“Hm. Low charge,” he remarked casually, looking down at the display on the herokiller, then let out an exasperated breath. “I told her to charge it this morning.”
I took the opening and rolled to my feet, the various bruises I’d picked up when I hit the ground stinging furiously. My feet thudded on the pavement as I picked up speed, and Commandant glanced up from fiddling with the gun to see me coming towards him. His eyes widened briefly, and he started to speak,
I slammed into him, knocking him to the ground and the gun fell from his hand, clattering on the concrete sidewalk. I landed on top of him, driving the wind out of him with a ‘whoosh.’ His foul smell rolled over me, stinging my sinuses. I saw Slugger advancing out of the corner of my eye and rolled, grunting with effort as I hauled Commandant around above me. There was another ‘crack!’ when Slugger’s bat caught Commandant in the head as she whipped it around- for now that she was closer, I could see that Slugger was, in fact, a woman. Commandant went limp and rolled off me onto the sidewalk. A moment later, he scrambled on the concrete to get to his feet and stumbled off, leaning heavily on the wall.
Slugger pulled back the bat again, shifting her weight, and I groped to my left where the herokiller had fallen, catching hold of it and whipping it around to point it at Slugger.
“Try anything and I overload the cells and detonate them,” I bluffed quickly on half a lungful of air. “They got just enough juice to blow us both to hell.” I took a brief gasp of breath, heart still racing from exertion. I flipped a switch on the Herokiller I hadn’t noticed before and it whined briefly.
To my surprise, she didn’t call my bluff and backed off, though she still held the bat at the ready.
“Control,” I said once I had caught my breath. “Where are they located?”
“What? I don’t know,” she replied, her voice tight with anger and confusion. “I’ve been trying to find that out for years.”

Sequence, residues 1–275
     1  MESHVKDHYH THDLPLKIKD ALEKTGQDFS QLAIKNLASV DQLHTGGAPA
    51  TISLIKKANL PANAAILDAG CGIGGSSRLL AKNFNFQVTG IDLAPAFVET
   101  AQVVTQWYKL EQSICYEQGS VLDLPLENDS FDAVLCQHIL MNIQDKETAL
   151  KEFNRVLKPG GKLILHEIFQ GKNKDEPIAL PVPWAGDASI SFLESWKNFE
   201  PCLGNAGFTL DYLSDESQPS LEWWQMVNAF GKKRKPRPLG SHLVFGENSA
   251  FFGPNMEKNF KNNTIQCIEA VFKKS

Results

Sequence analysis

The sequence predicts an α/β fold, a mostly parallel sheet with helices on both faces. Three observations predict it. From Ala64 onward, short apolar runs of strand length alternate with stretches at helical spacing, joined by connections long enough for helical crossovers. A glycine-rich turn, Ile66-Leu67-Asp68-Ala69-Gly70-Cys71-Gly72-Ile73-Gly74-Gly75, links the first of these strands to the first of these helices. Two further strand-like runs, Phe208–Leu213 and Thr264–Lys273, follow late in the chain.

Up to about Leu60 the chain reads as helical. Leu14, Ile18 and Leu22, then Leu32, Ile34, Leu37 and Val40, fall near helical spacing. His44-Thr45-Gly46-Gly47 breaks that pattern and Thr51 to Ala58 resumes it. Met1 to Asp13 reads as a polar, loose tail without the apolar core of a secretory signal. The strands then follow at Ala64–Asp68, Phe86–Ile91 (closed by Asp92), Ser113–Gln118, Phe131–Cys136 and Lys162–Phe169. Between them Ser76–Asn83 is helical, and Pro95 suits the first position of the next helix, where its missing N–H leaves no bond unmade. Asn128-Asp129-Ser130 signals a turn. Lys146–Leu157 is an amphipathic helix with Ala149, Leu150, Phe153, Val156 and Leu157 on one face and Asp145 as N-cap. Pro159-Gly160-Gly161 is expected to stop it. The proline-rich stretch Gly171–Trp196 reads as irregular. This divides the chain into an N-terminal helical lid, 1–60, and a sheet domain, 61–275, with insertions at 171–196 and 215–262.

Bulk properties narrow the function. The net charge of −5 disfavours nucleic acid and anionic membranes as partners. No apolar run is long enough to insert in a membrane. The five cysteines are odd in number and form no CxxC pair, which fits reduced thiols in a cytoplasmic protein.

“Dammit. Anything you have. Those assholes are trying to kill us.”
“Us? There’s more than one of you? Shit.”
I waved off her question.
“I can tell you where a few of their fronts are, but I don’t want to see a gang war breaking out.” She managed to make this sound quite threatening and for a moment I could understand how a baseball-themed superhero could be successful.
“That shouldn’t be a problem. We’re not a gang,” I said. “We’re hardly even-” I trailed off. I wasn’t sure what we were. We weren’t villains, I was reasonably sure of that. Everything we’d done had been in self-defense yet at the same time we weren’t registered with the government as heros. I suppose we fell into the “rogue,” category. Thinking about it, I realized we would need costumes. I didn’t want the attention that public knowledge of my identity would get me. I could hardly manage one person’s scrutiny.
“One’s on Dyson street, that’s the closest, and another on Rook’s road,” she said. “You won’t have any luck with them.”
“I’ll be the judge of that.”
I pulled the trigger, and instead of the loud ‘thump’ that accompanied the weapon’s more lethal setting, there was a only sharp ‘pop.’ Slugger dropped to the ground, stunned by the nerve-scrambling electromagnetic pulse it generated. The switch I’d flipped was, as I’d hoped, a setting that disables the modifications that had been installed when it had been converted into a herokiller, reducing it to a glorified stun-gun. It also, luckily enough, drew less power like this, so I was able to get off one shot- though now the battery was completely drained and the small display on the butt of the gun winked out.
I pulled myself up off the ground and limped back to Devin’s apartment. That hadn’t been as relaxing and thought-clearing as I’d hoped, but I’d gleaned some good information from it. I had a target.